The most important thing a United States citizen can do while traveling abroad is make egregious exaggerations about an EXOTIC faraway land based on his or her limited, subjective experience while in said land, all the while maintaining an air of solemnity. It's in that vein that I'll spit some truth at y'all about Buenos Aires, about Argentina, about South America, and about the human condition as a whole. Here we go!
So, first of all, it turns out that Thomas Friedman was right. I know, I know, I hate to say it too, but the man has a point. Not about Globalization, god no. And not about the inherent goodness of US-backed invasions or global financial institutions (IMF, World Bank, etc.). No, no. He is, was, and will remain wrong about all of those things. But he sure is right about how tempting it is to talk to a cabbie and then subscribe that dude's views to an entire country!
That totally happened to us. Leez and I were taking a cab to one of the recovered factories (more to come on those later) and we started talking politics with the driver. I say "we," but it was mostly her. My Spanish limits me to saying things like, "America is very not the best!" and "I am very a leftist!", which in truth is basically all I do here. I just dress it up with some fancy hyperlinks.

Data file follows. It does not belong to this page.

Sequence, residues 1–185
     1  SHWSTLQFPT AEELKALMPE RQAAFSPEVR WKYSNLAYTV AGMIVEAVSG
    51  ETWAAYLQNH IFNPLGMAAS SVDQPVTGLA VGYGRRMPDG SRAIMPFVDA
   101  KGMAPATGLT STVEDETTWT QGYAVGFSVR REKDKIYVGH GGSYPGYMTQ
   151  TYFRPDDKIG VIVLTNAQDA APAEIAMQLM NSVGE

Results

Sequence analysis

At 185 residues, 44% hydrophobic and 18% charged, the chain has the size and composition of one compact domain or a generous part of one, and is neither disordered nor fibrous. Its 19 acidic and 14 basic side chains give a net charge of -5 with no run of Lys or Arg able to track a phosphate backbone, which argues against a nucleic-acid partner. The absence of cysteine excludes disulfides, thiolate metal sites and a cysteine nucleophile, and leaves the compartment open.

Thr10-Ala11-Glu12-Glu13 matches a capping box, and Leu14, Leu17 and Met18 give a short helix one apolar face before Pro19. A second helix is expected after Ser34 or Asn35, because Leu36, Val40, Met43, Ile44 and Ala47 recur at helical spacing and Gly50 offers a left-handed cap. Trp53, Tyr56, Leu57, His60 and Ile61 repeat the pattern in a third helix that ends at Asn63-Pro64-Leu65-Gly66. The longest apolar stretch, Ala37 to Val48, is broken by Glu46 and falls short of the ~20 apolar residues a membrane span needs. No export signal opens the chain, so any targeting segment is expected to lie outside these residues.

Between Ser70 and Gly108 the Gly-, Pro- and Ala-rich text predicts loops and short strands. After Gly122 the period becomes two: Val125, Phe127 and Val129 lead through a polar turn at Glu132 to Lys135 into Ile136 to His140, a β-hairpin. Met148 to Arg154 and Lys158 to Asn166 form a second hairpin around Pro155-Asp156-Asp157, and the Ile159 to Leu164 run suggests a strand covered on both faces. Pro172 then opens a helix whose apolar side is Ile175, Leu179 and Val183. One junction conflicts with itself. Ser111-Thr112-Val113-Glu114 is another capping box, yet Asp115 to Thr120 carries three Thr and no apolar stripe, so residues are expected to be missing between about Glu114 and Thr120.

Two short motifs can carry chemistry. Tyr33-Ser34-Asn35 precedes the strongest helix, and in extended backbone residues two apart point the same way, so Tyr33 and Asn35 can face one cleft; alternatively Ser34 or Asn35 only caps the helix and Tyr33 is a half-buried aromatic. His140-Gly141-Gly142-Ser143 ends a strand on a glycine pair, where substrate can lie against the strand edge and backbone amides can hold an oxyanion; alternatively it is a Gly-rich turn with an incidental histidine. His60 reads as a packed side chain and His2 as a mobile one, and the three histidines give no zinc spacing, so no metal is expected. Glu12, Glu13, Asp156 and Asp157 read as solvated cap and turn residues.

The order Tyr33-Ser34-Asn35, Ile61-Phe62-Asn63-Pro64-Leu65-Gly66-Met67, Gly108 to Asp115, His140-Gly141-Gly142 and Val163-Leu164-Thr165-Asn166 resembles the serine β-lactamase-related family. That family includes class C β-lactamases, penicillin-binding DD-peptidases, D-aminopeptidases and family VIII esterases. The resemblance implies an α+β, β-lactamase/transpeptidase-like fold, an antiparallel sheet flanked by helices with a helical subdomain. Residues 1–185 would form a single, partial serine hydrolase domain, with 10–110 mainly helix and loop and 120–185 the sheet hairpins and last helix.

The cabbie, and therefore all of BA, told us that he liked the economic policies of Keynes--government spending on social programs, put simply--because it was good for the people. Simple enough! Somebody tell Paul Krugman to keep up the good work.
Today we went to a demonstration to dissolve the UCEP, a paramilitary group that goes out at night to "clean the city" of homeless people. It's not clear to me if the UCEP is government sponsored, or if the government just looks the other way while they go out and beat people. Either way, no me gusta. The march itself was a small one, but there were all sorts of different leftist groups represented, drums and firecrackers and all. Pictures are on the way.
On a personal note, now I'm a master Tango dancer. We've gone to classes the last two nights, and I took to the Tango like a fish to water. I don't at all look like a lost White Dude who doesn't speak the language. Nope, not this guy. Hell, tonight I might teach the lesson, en espanol. When you walk in, the lady at the door says, "bailante!" (you dance!) and I said, "Claro que si, mi amor." (Of course, my love.) Then I went out on that dance floor, and showed these Argentinians how it's done. Yep, that's me all right. I'm also an astronaut, so, you know, no big deal.
My Google Reader has about ten million unread items, and I have the same amount of podcasts I have to listen to to get up to speed with what's happening in Los Estados Unidos. If anything crazy has happened, let me know in comments. If we're still just continuing two occupations and talking about maintaining and strengthening a corrupt health care system, I don't want to know. I'll be back stateside on Tuesday, when normal blogging will resume. Por ahora, adios amigos.